A few weeks ago, I had a box full of papers that I had to empty. It had been sitting by my bed for literally MONTHS, so I finally scheduled an hour on a Saturday afternoon to do it.
As you can see, I really didn’t want to clean this box.
So the day came. I was actually sitting in bed watching Netflix. Here’s where it gets interesting:
- I HAD the time. I was doing nothing, and the time was literally blocked off on my calendar.
- I wasn’t stressed or busy.
- I WAS LITERALLY EYEING THE BOX SUSPICIOUSLY FOR AN HOUR FROM LESS THAN 4 FEET AWAY WHILE KNOWING WHAT I WAS DOING, THINKING WHAT THE HELL IS WRONG WITH ME, AND WANTING TO KILL MYSELF, YET I DID NOTHING.
Why couldn’t I bring myself to clean the box?
Time management isn’t just about time. I had all the time in the world to clean this box, which would have taken less than 30 minutes.
Have you ever had a to-do item on your list for weeks (even months), and when you finally sat down to do it, it took less than 30 minutes to actually get done?
Why do we procrastinate on getting these simple things done, even when we know we’re creating our own problems?
And what does it COST us to have dozens of old to-do items on our mind…while trying to get through the day and get NEW things done?
The worst part is, after we read more of the same old advice, we say things like, “Yeah, yeah, I get it…” even though we’re not in control of our own productivity.
‘Yeah, I know I should create a list of the 3 things I want to get done every night…’
‘Yeah, I know I shouldn’t waste all this time on Facebook and Reddit…’
‘Yeah, I know I should go to sleep earlier, but I just keep messing around on my laptop…’
We look for more and more “advanced techniques” and life hacks and productivity apps because they’re easy-to-find, crunchy tactical nuggets. Installing a new app makes us feel in control. At least for a days.
But it’s minutiae. We avoid tackle the Big Wins in productivity, just like we do with our money. For example, how many of us complain about our sleep…yet have never systematically practiced improving it? Not even Googled “how to sleep better” and tested 5 different approaches? Most people just say, “Yeah…I really have trouble going to sleep….I wish I could fall asleep faster but my mind just won’t slow down!”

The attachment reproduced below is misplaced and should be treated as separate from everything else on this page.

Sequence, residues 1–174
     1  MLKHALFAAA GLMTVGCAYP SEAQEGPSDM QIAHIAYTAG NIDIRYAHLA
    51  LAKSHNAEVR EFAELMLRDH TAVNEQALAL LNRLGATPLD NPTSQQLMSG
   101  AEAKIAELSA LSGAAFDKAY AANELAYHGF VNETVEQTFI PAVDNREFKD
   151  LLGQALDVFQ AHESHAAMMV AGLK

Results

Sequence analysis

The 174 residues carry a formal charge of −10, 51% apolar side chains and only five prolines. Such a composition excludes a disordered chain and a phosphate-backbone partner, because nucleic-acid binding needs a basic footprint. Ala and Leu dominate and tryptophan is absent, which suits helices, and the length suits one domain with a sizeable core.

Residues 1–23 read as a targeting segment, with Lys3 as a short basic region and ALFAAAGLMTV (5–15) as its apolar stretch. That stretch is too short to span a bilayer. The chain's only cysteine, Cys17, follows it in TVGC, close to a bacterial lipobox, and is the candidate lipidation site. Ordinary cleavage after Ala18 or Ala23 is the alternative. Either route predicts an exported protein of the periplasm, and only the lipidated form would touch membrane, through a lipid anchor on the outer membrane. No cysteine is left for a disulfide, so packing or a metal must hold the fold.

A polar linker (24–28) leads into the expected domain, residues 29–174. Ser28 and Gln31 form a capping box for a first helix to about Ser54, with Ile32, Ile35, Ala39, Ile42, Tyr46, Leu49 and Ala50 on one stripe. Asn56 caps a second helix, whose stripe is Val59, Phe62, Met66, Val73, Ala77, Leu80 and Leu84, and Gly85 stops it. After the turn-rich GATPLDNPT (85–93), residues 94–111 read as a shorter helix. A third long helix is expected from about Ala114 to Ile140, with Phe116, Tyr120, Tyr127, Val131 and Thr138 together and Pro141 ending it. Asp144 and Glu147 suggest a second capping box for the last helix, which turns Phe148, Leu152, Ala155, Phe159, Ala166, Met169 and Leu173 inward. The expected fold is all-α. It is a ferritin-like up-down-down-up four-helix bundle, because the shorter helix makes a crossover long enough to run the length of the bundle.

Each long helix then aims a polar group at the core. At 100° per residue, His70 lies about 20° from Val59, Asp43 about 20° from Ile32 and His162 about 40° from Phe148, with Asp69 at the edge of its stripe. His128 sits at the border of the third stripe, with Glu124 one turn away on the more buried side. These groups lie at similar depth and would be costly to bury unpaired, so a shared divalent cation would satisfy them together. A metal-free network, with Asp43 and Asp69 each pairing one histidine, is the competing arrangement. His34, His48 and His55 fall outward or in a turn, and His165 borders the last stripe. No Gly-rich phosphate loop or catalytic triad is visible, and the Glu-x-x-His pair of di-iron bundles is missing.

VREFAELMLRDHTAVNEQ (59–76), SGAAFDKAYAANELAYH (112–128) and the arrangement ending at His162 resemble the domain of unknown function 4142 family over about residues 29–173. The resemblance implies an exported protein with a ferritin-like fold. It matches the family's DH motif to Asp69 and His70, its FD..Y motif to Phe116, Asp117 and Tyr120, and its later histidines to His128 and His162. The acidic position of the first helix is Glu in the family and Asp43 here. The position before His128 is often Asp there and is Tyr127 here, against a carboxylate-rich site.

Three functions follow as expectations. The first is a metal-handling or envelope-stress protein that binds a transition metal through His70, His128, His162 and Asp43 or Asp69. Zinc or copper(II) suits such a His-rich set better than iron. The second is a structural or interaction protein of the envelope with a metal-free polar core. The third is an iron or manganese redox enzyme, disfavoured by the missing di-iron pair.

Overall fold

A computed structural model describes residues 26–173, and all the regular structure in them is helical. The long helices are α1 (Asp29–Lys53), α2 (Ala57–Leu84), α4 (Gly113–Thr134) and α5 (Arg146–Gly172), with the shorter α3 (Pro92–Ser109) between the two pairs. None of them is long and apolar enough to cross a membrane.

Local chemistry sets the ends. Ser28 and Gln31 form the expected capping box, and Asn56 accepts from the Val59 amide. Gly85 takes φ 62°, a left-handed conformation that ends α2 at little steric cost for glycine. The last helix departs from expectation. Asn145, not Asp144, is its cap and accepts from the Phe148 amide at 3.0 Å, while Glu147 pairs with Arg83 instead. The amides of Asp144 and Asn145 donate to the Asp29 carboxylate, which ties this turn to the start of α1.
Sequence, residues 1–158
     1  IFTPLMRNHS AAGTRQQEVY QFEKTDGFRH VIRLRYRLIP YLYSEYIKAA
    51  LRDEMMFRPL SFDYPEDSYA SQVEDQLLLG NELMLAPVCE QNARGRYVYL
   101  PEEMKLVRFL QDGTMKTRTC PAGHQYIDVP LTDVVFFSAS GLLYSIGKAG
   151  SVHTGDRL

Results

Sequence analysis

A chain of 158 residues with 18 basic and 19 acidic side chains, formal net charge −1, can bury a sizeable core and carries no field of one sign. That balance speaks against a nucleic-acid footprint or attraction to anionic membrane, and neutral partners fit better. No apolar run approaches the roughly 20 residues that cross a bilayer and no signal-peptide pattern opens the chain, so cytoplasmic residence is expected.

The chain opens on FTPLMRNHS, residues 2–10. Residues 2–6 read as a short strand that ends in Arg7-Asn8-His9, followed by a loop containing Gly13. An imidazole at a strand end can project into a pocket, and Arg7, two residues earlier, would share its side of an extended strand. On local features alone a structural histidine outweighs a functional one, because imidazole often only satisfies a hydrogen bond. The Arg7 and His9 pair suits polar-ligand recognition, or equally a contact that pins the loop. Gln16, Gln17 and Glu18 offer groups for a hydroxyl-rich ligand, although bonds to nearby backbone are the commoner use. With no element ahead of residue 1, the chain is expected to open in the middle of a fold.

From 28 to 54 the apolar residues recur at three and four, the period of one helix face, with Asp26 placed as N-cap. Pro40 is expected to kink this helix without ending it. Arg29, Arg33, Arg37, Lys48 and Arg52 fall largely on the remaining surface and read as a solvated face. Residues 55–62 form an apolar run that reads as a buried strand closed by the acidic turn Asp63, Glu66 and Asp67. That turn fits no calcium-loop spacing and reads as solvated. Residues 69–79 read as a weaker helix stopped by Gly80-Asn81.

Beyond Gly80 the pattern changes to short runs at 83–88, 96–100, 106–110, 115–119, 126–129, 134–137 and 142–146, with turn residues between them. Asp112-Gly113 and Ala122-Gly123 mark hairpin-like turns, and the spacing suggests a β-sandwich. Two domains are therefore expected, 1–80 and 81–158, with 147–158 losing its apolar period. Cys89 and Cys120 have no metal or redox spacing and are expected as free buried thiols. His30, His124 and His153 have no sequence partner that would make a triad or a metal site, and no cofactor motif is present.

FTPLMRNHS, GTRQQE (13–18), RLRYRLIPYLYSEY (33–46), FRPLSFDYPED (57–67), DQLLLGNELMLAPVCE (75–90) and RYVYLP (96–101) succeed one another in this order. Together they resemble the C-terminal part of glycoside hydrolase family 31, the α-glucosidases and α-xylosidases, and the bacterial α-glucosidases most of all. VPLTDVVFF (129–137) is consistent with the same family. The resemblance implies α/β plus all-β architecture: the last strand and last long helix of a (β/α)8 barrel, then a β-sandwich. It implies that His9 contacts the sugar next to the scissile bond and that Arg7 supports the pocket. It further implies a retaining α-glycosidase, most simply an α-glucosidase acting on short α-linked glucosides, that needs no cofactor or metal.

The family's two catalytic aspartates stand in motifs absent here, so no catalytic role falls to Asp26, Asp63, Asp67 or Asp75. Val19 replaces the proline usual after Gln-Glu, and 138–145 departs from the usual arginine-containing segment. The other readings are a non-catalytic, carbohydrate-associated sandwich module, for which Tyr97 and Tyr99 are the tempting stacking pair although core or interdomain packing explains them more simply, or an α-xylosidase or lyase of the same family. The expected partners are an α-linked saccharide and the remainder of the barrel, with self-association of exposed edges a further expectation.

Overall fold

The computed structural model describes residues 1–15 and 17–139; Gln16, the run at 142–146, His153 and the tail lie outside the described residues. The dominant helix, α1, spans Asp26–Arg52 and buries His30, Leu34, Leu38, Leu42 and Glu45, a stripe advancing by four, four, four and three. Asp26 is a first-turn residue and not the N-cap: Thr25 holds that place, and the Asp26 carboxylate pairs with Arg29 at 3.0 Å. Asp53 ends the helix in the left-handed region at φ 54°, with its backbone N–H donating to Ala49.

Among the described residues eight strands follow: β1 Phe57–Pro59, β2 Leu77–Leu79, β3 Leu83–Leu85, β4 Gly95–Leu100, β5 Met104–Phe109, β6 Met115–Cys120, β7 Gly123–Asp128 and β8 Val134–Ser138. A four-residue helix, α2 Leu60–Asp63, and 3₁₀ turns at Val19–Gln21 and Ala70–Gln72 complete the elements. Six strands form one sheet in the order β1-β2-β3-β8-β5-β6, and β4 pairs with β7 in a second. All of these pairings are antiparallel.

Funny enough, we seek out more and more “information” as if one more tactic or technique is going to change our behavior — but it won’t.
Nothing like seeing a group of doctors smoking outside to let you know that information alone doesn't persuade— Ramit Sethi (@ramit) November 20, 2012
The surprising psychological reasons we’re not productive
Let me quickly correct some mistaken assumptions.
We’re not unproductive because we don’t have enough TIME.
We’re not unproductive because we’re OVERWHELMED with demands others make of us.
We’re not unproductive because we just need to “BUCKLE DOWN and do it.”
The reasons are much deeper, and we’re going to explore them starting today.
We wake up in the morning and what happens? The FIRST thing we hear is that annoying alarm clock. We slam the snooze button — and start our day off by delaying taking action on the very thing we set for ourselves just a few hours before.
We get into work and start looking through emails…the new links posted on Twitter…the latest blog posts. It’s an information diet that’s equivalent to snacking on Cheetos: Just one more! Then I’ll get back to work.
Lunch comes, then the heavy, dull feeling of the next few hours. “Ok, I just need to power through this,” we say. We get another cup of coffee and try to get some work done, checking the clock.
At the end of the day, we WANT to work on cool stuff — our side project, drinks with friends, sometimes even attending a cool event. Instead we go home, tired after another day of work, sit around, watch a little TV, browse around online, text a couple friends, and go back to sleep again….only to do it all over the next day.